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  • mtsmts Registered User regular
    depends on how old they are. if they have reached tomcat age, forget it. but if they are still tiny, then you should be find

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  • DonnictonDonnicton Registered User regular
    edited April 2012
    I've adopted a stray that was left by its mother in our side yard at only about two or three weeks of age. There was a litter that the mother had in our backyard, but when she moved on, this one only made it as far as the side yard before the mother disappeared, and our neighbor saw her and brought her into her house and then gave her to us.

    If they're young, it's very easy to socialize them. Spending a lot of time with them on your lap or around you or in your hands will acclimate them to human interaction very quickly. Whether or not they become a "lap cat" depends on the personality they develop(which will largely come into its own regardless of your actions), but you can at least condition them to not mind being handled or interacted with by humans.

    If they're older, they can still be conditioned to not mind human contact, but it's going to take more work. In those situations you can't force it, and you just need to eventually work towards getting the cat used to you.

    Keep in mind that kittens born to ferals or outdoor cats will tend to have a much more pronounced independent streak than kittens bred from indoor cats, so don't be surprised if they don't develop into the type of cat that you can just grab, put on your lap, and expect it to just settle in. Breed tends to play a large factor in this case too, but since most people don't bother with specific cat breeds like they do with dogs, it's not something that can be controlled in most cases.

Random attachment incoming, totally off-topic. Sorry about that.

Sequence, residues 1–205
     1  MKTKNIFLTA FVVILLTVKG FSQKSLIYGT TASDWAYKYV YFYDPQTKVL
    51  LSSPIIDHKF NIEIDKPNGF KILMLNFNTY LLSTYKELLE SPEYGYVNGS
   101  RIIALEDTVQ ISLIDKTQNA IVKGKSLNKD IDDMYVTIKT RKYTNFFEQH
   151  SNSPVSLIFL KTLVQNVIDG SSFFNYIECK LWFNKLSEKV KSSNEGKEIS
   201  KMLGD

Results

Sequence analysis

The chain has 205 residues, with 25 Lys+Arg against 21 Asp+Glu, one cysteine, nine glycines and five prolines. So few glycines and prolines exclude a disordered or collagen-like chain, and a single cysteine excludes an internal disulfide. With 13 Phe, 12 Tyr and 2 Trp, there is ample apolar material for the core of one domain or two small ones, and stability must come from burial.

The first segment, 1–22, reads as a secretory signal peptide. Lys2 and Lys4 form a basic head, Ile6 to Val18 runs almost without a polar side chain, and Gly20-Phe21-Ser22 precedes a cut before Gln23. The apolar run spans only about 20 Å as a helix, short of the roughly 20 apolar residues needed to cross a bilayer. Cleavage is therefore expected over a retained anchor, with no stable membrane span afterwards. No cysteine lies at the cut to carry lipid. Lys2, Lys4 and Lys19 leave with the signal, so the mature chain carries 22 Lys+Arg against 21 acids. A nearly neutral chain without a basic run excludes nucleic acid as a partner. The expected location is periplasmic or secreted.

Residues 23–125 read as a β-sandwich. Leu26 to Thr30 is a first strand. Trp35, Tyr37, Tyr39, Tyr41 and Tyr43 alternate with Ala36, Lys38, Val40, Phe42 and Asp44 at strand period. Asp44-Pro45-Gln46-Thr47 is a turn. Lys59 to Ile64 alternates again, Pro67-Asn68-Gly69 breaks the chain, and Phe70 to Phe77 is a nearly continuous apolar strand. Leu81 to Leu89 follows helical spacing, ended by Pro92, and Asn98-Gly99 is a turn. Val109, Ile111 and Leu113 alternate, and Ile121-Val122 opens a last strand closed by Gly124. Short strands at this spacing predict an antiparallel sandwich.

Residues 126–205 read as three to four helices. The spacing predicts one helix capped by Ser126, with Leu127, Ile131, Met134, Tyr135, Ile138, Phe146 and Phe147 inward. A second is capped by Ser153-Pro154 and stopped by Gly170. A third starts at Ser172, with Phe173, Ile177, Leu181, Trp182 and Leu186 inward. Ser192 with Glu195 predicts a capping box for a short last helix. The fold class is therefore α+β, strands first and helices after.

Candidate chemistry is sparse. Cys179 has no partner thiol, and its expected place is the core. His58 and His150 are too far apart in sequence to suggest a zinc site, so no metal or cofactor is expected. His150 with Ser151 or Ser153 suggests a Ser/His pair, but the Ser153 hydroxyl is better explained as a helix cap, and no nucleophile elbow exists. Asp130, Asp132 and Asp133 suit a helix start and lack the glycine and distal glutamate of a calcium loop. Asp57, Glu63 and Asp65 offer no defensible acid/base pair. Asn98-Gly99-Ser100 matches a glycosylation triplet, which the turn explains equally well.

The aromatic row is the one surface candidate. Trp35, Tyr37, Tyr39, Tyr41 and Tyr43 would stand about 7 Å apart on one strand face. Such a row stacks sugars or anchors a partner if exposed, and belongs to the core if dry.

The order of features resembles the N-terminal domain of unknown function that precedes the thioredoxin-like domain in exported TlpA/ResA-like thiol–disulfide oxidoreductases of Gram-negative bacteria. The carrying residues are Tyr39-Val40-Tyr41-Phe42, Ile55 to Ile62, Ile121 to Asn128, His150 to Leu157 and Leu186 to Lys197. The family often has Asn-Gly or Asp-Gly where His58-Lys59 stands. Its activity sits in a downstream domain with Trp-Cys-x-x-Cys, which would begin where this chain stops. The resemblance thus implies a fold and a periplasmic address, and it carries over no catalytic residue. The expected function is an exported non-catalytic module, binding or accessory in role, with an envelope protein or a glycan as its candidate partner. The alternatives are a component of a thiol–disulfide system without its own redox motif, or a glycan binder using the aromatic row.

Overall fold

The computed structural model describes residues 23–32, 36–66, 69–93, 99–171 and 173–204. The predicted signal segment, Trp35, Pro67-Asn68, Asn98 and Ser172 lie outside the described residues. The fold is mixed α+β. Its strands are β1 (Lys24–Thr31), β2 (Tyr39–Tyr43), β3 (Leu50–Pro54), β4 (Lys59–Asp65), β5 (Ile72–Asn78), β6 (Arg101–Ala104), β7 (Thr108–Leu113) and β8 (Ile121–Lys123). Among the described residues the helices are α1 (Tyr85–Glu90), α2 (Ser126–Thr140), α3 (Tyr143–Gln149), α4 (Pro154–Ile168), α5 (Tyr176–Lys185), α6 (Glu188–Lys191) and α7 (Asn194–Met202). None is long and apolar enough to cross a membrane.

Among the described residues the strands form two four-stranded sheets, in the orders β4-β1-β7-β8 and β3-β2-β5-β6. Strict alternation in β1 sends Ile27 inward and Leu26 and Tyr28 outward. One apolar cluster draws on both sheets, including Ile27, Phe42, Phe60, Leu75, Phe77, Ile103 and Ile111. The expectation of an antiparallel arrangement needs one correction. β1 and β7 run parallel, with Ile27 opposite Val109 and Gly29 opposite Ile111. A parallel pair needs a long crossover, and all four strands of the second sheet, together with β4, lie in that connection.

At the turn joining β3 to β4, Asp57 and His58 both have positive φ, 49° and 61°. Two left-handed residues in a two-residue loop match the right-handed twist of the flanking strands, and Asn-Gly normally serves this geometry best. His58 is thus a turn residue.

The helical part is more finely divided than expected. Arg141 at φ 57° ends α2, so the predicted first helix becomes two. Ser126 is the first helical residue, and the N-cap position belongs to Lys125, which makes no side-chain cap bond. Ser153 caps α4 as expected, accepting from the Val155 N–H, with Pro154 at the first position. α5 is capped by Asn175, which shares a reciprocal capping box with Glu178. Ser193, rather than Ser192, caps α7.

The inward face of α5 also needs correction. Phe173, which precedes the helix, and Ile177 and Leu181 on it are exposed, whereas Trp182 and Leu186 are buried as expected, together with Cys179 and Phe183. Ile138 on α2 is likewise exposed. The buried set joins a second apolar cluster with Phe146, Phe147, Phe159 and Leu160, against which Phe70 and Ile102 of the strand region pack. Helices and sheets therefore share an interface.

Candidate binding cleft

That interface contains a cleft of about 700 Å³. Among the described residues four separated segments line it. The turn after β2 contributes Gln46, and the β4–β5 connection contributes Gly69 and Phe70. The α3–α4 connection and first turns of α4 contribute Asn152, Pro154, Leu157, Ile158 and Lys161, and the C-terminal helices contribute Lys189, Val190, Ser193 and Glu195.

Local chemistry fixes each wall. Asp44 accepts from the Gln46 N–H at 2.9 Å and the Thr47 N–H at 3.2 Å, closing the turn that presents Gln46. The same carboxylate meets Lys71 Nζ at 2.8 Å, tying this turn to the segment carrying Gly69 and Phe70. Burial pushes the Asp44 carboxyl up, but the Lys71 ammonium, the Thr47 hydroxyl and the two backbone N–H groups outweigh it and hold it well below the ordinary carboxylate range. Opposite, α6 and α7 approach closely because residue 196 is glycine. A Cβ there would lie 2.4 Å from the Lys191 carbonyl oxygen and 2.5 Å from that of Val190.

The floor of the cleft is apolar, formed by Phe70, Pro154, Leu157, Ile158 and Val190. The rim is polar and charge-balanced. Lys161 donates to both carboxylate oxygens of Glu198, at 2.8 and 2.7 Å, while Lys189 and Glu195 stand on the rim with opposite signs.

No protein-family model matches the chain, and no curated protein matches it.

For a stray, you may really, really want to consider giving them wormer once they get old enough, as worms are extremely common with stray and outdoor cats/kittens. Pay special attention to whether the kittens have rounded stomachs but everything else is thin, and if they have a particularly voracious appetite for a kitten, as those are usually signs it has worms. Usually it's best to give them the wormer anyway as it won't have any negative effects if they didn't have any, and it's better to be on the safe side.

    Typically you're going to bring them to a vet to have them vaccinated anyway, so the vet can take care of giving them the wormer for you if you mention it.

    Donnicton on
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  • minirhyderminirhyder NYCRegistered User regular
    A kitten thread without any pictures is inhumane treatment of PA-ers.

  • mcdermottmcdermott Registered User regular
    I'll echo everything else that's been said (including pictures!). I'll add that in addition to getting a loaner trap from your local rescue operations they also sell them in home improvement stores. Less than $50.

    Spoiler:
  • ceresceres Love is in the battlecry Nevada, USASuper Moderator, Moderator mod